President and Sister Harmon (Ghana MTC)

We went out to Calavie a while back to visit Mama Carole (actually Soeur Julianne, but over here you can call anyone by most any name. Since she is the mother of Carole, the girl who is on a mission, Soeur Julianne or Mama Carole work equally well). Her daughter Josianne is a cute girl about 13 or 14 years old who is growing up and filling out. When the member who was with us to translate saw Josianne she excitedly told her she was getting so fat. That comment didn’t set well with Soeur Black who argued that she was not fat but rather looking really good. The member wouldn’t back down and a pretty good argument ensued, which I quite enjoyed, about whether Josianne was fat or not. To understand the rest of the story, you need to know that in a culture where people do not always have enough to eat, to be fat is a considerable compliment and simply means that you are growing and looking good. So it turns out that the member was actually trying to pay her a compliment and Soeur Black was adamant that she didn’t deserve the compliment. Now that she understands that, Soeur Black is thinking she may want to stay in Africa. We will see if that happens!!

This has been a wild and interesting week. President and Sister Harmon from the Ghana Missionary Training Center wrote us a couple of months ago and suggested they would like to come over in July and give some firesides on missionary preparation. We got it all arranged for one in Cotonou on Tuesday, July 21 and one in Lome on Thursday, July 23rd. On Tuesday they came over and spent the night with us after the fireside. About 30 people attended in Cotonou and it turned out really well.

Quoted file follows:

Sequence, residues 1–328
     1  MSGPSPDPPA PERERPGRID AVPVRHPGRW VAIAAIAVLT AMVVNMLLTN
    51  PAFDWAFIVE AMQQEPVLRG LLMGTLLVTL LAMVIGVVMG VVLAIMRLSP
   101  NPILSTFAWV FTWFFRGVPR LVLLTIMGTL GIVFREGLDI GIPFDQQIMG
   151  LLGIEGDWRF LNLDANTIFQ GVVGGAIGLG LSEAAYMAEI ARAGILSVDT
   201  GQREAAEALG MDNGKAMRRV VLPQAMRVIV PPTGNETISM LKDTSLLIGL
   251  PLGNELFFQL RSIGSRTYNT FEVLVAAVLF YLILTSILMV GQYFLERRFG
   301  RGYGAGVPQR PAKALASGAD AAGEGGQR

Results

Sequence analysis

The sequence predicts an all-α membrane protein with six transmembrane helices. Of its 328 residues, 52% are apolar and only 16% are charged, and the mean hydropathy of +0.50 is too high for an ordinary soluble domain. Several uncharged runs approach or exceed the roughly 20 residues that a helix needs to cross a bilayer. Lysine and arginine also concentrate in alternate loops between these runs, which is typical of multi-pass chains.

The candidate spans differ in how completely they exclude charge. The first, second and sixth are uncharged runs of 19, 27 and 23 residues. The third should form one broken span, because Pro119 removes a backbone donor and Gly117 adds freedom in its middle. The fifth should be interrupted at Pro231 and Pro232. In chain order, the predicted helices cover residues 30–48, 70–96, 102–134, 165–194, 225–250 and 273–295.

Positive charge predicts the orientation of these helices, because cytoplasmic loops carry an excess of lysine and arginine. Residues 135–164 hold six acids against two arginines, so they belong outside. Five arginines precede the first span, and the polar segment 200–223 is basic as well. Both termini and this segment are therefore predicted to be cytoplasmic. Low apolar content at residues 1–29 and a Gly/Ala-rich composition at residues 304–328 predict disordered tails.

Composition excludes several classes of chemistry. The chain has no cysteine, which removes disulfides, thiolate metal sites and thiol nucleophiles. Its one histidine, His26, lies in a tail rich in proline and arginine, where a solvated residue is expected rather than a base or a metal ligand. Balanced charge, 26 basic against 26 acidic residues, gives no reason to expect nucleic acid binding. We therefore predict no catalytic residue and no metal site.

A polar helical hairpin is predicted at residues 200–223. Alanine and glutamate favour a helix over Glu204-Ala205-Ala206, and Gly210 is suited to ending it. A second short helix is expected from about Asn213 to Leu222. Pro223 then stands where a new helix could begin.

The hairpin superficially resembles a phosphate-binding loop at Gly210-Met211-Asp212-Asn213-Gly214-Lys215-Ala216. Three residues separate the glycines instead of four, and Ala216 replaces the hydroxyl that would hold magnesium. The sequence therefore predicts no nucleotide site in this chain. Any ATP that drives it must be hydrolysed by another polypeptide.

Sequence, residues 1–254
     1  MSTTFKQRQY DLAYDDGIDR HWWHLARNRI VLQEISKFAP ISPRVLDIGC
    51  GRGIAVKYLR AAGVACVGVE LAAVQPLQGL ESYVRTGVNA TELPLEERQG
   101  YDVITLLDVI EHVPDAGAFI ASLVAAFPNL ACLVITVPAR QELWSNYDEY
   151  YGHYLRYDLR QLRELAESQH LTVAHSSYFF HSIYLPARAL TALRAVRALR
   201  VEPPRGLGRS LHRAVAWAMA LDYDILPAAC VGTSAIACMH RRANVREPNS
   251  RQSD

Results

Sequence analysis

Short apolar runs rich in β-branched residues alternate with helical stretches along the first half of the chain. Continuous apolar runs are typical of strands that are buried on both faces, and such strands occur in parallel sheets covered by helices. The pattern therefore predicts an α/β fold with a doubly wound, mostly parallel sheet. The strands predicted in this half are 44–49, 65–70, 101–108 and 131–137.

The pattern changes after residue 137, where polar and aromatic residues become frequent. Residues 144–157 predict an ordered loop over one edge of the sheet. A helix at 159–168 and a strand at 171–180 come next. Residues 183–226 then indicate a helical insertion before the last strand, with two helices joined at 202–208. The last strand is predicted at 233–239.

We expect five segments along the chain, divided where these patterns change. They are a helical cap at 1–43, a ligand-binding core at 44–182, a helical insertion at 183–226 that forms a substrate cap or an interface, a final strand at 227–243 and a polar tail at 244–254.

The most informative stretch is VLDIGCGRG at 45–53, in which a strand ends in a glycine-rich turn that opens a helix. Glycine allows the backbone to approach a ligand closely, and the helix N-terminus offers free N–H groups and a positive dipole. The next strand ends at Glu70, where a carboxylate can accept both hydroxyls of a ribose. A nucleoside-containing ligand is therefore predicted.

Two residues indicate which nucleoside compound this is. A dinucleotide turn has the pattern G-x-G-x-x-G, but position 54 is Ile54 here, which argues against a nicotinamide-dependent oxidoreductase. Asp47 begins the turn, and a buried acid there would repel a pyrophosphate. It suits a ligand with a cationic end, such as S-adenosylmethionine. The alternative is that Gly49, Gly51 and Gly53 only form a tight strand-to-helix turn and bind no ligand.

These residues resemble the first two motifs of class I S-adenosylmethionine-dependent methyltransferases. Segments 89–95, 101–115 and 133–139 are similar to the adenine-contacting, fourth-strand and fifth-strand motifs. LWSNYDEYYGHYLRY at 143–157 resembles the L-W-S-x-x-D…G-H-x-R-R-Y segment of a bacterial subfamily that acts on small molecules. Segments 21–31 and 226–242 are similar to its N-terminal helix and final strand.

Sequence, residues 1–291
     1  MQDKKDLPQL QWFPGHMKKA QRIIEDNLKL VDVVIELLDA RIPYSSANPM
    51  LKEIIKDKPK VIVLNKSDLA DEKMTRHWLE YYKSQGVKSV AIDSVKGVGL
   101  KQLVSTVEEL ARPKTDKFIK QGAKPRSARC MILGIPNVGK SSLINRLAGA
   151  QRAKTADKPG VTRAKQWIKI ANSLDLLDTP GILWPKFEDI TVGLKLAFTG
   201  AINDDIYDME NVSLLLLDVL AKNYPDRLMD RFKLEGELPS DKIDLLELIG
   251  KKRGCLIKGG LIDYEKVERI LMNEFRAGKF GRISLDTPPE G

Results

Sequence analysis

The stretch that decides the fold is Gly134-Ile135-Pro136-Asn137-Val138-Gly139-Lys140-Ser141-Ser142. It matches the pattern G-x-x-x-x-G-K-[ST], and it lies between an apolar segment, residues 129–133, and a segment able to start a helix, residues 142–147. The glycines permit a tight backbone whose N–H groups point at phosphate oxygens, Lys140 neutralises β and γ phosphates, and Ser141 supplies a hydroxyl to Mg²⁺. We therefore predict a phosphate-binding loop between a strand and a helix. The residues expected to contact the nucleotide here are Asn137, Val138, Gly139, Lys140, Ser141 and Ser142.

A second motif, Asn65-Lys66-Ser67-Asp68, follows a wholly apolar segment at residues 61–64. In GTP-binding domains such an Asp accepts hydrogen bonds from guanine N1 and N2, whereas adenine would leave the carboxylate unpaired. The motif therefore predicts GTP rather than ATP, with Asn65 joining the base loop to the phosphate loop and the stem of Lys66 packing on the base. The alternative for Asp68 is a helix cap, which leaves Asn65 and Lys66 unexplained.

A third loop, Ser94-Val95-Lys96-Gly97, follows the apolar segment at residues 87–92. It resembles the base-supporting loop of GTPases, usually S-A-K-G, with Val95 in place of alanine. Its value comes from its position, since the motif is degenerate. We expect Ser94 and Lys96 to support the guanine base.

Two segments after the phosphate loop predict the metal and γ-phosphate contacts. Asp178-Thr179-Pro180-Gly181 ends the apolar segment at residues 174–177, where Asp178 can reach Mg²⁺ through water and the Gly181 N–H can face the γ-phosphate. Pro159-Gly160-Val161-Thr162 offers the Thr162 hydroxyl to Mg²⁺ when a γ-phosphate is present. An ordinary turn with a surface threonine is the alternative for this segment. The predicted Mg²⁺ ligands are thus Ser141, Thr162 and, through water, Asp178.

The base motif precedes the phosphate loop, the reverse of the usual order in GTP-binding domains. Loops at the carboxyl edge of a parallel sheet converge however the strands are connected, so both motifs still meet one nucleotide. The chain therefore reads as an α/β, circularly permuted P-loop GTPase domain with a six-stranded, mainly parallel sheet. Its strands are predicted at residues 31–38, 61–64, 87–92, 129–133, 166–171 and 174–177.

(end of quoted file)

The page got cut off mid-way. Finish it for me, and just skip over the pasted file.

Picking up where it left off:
President and Sister Harmon

President and Sister Harmon

President Harmon and I were both missionaries in France a lot of years ago and have kept in touch a little since. Some of you may remember that he is the doctor that treated Dad (Frost) when he had prostate cancer. Soeur Harmon and Soeur Black seemed to have a lot in common, both enjoying cooking, sewing, shopping, and a lot of other such “women” things. Basically this is the first contact we have had with any couples from our culture since the Gillis’ left in January so it was greatly enjoyed. They stayed in Cotonou with us on Tuesday and we had planned to come to Lome on Wednesday but we got so busy showing them around that we decided to postpone our trip until Thursday morning. We stopped in Ouidah and visited a slave castle, a python temple, and the beach and then headed onto Lome. The Lome fireside was attended by about 60 or so. On Friday, we took President and Sister Harmon to the border to cross, in company with President Blaise who rode to Accra with them in order to be there to pick up Marlene and the boys on Saturday. How good it was to see them when we picked them up at the border where we had left the others the day before.

With all the activities with Marlene, Jared and Aaron (for those who may not know, Marlene is our daughter-in-law and Jared and Aaron our grandsons) we will have plenty of pictures next week. The other part of this last week is that the Internet has been down more than it has been up. Between that and traveling, this installment is late. Hopefully we can still get it sent even though it is time to start another.

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